Moss-covered stairs

Ownership Issues

California law requires that all contracts related to real property must be in the form of a signed written agreement in order to be enforceable. Therefore, before acquiring real property as a co-owner with another person, an experienced attorney should be retained to prepare a property-sharing agreement. Such agreements cover matters relating to the form of the title that is to be held, allocation of equity in the property, sharing the property expenses (e.g., mortgage, taxes, insurance, repairs/maintenance, capital improvements), co-occupancy arrangements, termination of the co-ownership, buy-out provisions, allocation of tax deductions, consequences of default by one of the co-owners and several other related matters.

I have developed the basis for a comprehensive property-sharing agreement (which could be used as an operating agreement for a limited liability company) that covers all of the aspects of shared ownership in real property and which I tailor to suit a variety of situations. Such agreements are crucially important for co-owners who are not married to each other, such as domestic partners, siblings, parents and children because the Family Law Act and even partnership law might not provide for certain terms or conditions that one of the parties desired or intended to have as part of their agreement, but the other party did not. The failure to reach a meeting of minds in proceeding to acquire real property as co-owners can lead to bitter controversies that could have been avoided if a thorough, written agreement had been executed.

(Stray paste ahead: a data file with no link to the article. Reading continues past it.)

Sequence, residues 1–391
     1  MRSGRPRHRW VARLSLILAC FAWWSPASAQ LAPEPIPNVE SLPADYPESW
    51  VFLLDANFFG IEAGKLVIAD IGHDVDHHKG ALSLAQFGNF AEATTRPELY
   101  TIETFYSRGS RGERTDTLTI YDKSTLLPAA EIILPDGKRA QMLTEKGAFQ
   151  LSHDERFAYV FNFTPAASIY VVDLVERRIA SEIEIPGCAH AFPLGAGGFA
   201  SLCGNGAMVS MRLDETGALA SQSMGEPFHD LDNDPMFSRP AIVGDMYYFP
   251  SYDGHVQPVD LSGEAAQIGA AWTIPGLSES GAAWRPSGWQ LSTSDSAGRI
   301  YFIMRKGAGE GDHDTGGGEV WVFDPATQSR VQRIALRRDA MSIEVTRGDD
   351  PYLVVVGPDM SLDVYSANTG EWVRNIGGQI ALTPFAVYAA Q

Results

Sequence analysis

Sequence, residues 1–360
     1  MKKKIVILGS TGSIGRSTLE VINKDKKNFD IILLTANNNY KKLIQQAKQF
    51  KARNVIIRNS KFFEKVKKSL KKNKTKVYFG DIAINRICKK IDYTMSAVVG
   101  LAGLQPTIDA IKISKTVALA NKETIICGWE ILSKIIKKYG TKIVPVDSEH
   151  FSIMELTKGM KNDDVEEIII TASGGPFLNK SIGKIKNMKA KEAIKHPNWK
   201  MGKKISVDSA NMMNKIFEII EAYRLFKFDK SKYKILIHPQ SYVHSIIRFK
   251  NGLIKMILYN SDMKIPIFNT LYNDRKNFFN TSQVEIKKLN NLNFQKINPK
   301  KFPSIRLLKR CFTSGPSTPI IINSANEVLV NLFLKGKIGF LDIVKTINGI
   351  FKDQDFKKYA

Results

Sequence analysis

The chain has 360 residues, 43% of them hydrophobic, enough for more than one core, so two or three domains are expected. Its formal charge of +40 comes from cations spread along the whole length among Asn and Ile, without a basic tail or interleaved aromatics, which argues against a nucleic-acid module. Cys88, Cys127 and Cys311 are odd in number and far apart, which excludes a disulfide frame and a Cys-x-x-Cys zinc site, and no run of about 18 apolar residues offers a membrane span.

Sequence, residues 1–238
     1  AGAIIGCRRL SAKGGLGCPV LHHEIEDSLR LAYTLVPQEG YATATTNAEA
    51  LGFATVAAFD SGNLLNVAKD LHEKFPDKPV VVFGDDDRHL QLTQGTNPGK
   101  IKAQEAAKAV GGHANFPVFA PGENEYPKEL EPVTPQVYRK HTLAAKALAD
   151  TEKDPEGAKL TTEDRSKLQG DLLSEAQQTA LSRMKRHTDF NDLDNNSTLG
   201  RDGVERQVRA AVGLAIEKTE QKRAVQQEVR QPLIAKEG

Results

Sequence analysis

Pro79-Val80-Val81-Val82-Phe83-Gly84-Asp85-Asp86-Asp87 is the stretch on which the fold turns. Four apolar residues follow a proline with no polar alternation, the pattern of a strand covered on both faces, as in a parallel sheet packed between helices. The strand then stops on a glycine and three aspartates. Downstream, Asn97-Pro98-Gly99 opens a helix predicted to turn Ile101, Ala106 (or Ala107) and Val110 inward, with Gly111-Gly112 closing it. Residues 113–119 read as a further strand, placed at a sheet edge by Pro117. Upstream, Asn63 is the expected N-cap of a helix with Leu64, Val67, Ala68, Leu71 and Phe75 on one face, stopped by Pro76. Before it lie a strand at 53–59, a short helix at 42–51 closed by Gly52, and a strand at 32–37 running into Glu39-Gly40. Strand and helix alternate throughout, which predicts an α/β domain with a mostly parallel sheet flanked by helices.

In the event that there is no written agreement relating to the co-ownership of real property and one of the owners wishes to terminate the co-ownership, but the other owner refuses to liquidate the property or agree to a buy-out, it may be necessary to file a "partition action" in court in order to achieve resolution. My goal in these cases is to assist my client in reaching a settlement without going to court, but if that does not happen, I handle all aspects of partition lawsuits.

Sometimes title companies make errors, particularly in recorded documents with sometimes devastating legal consequences. I have experience representing owners in cases in which title companies do not correct their mistakes voluntarily.

This area of the law is rather complex; many other types of issues arise in connection with title to real property.